I found a few books (no internet back then) on Chassis and and Suspension design. Then I bought an oxy-acetylene set and some pink coated rods for brazing and a few lengths of 3/4" 16 gauge square mild steel. Firstly, I needed to turn my open carport into a garage of sorts, to stop the wind and nosey neighbours from seeing what I was up to. That was my learning curve to get the hang of welding. I learned that this was the favourite method of professional race car builders, except they used round chrome-Molloy tubing. I decided mild steel would be good enough for my project as it was far cheaper and supplied by a local hardware shop. Anyone who has used these pink rods (coated in flux) will know it’s so easy and the weld joints turn out smooth and nice looking after brushing off the flux. Some would say it’s not welding but soldering and I agree. Later I tried stick welding with a primitive small machine but I hated it. Sticking and rough ugly welds and burn-throughs on 16 gauge tube! That's when I bought a cheap MIG welder. It was dream to use after the stick welder, despite unpredictable changes in wire feed 😎. My welds started to get faster and cleaner when I paid for a tradesman quality MIG welder. I was so enthusiastic that I set up a steel fabrication business to make pool fencing and gates. Then we made really nice bespoke workshop benches made from 1.5" square 16 gauge steel tubing with 3/4" marine ply tops and shelves. Then we tried making office furniture using 1" square tube with the tops made from wood veneer ply inset into the frame. They looked sweet and we made a few reception counters in that fashion too.
Sorry, I digress, back to the race car. I based it all around a Renault 12 engine (1100 cc) since I had a friend who ran a Renault repair shop so he sold me all the parts I needed. I made most of the components myself including the chassis and suspension and wheel uprights. I had the existing steel wheels widened by a machine shop. Front to 8" and rear to 10" width. I also had the exhaust manifold pipes crafted by an expert. I took the engine to a local race engine tuner. He lightened the flywheel and fitted high compression pistons etc. Once running it would rev to 10,000 RPM. I remember the neighbours about 100 metres away came out complaining about the noise when I made as short demo for friend who was visiting me. (about 9pm at night) the exhaust pipes were red hot glowing in the shed, lovely 😜. I raced the car a few times without success and life got in the way as I found other priorities but I really enjoyed the experience. I left the car with my friend as I went overseas, Unfortunately, he sold off parts and sent the rest to a scrap metal dealer. I regret that episode. In those days all classes of open wheelers were raced together. It was a little daunting being overtaken by V8 powered machines as they lapped my car.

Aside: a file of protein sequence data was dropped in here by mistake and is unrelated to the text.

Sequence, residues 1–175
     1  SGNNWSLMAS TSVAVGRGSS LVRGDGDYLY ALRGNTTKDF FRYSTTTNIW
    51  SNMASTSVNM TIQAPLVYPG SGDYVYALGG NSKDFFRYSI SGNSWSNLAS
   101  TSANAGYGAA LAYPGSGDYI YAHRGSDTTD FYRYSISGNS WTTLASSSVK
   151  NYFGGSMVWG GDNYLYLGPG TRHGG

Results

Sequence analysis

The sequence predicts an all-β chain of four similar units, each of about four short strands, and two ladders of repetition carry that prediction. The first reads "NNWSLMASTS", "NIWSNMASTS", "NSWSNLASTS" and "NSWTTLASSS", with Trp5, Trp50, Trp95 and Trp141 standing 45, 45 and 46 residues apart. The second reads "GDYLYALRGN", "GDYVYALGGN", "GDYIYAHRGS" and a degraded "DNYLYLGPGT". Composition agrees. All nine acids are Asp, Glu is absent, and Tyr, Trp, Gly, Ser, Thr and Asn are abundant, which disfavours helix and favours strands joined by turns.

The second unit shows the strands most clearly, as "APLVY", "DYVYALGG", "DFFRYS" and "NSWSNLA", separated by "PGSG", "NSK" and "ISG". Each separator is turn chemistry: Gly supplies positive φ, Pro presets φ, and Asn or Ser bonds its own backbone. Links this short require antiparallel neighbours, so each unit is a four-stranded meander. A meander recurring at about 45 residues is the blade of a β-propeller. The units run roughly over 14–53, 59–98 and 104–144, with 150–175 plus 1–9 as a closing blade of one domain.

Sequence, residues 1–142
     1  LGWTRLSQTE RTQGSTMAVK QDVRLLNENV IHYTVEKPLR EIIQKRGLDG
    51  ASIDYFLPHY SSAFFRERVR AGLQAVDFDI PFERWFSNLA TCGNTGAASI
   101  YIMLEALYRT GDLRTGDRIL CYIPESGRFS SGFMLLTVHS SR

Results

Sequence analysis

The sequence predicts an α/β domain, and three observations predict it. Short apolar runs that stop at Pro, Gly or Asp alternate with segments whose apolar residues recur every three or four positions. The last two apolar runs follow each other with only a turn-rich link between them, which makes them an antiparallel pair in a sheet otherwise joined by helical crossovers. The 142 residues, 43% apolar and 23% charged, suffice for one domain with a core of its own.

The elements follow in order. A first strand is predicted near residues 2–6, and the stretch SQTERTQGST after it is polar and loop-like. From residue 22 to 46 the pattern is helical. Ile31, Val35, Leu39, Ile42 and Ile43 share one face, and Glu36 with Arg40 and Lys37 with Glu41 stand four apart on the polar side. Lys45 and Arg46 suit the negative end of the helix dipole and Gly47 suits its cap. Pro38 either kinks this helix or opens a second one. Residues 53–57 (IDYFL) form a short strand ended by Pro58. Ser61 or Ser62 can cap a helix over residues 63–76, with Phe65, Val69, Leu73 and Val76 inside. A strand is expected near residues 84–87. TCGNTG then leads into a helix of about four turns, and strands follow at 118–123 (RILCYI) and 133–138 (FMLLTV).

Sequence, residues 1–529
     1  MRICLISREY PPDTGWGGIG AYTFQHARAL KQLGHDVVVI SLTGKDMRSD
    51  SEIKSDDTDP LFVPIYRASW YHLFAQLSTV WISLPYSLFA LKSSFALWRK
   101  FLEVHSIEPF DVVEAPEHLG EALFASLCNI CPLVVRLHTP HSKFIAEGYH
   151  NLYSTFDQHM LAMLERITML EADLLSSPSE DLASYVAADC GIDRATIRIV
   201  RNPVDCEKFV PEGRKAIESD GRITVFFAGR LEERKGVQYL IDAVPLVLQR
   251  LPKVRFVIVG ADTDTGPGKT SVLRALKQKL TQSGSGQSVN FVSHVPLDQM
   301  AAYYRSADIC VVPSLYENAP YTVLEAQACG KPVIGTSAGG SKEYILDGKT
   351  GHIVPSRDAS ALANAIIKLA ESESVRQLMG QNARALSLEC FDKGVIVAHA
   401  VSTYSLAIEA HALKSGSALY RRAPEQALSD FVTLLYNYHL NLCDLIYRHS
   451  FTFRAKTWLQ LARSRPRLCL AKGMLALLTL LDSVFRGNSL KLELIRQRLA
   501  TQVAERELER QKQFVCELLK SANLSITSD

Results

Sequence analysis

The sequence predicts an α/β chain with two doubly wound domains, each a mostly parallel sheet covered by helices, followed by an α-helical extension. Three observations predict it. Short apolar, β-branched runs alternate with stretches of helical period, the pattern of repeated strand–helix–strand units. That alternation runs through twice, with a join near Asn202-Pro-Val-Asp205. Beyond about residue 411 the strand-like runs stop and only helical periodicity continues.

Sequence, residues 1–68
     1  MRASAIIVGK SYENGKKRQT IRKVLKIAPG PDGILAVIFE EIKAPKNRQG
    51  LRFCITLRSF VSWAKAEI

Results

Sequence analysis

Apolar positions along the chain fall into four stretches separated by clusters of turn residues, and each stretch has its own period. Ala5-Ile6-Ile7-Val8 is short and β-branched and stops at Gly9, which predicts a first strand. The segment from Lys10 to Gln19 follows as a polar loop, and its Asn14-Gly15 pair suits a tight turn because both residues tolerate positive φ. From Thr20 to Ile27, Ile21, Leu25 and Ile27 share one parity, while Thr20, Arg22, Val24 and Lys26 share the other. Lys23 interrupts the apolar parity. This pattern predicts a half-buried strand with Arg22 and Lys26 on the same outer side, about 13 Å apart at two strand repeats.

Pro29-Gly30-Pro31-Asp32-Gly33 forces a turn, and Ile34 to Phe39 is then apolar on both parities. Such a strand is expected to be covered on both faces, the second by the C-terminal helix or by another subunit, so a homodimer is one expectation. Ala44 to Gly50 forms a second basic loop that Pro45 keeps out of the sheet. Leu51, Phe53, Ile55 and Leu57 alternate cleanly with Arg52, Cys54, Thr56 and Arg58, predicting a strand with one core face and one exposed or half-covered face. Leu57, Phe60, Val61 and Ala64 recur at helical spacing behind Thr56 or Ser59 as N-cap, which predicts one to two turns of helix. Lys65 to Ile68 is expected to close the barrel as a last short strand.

There is no doubt welding is a wonderful tool for creative people. I want to weld aluminium in this project so I will keep you informed of my progress. Yes, I will have to buy a bike trailer first as I can’t carry very much camping gear on my bike. I’m now officially homeless and will be wild camping. I will look for somebody who has an empty garage where I can do the project. The money I save on not paying rent will be the only way I can do this as I’m a pensioner. 😁
That's quite the story @Xerojet! I can't imagine the feeling of driving a car you've built on a racetrack; exhilarating, no doubt. I might need to try braising as I'm pretty useless at welding. Not that I've had much practise.
Good luck with your project, and many thanks for sharing. Reach out anytime you need assistance. We're here to help.
Nice job Meling! 😁
A few years back I turned an old fold-down masseuse table into a mobile platform come welding table. I removed the plywood, foam and vinyl and welded two steel checker plates on each side and added wheels. Works OK, but you must be very careful not to get a finger between the two steel plates as you unfold it - it'll take a finger tip clean off.
A fantastic way to recycle a table that would have otherwise found itself in a landfill.
Workshop is a friendly place to learn, get ideas and find inspiration for your home improvement projects
Tiling is an achievable D.I.Y. project. The Bunnings team has produced a comprehensive step-by-step guide how to tile a bathroom wall. There are also ...
A great way to learn what tools you'll need is to watch some videos on woodworking related to your interests and note down the tools they used. You'l ...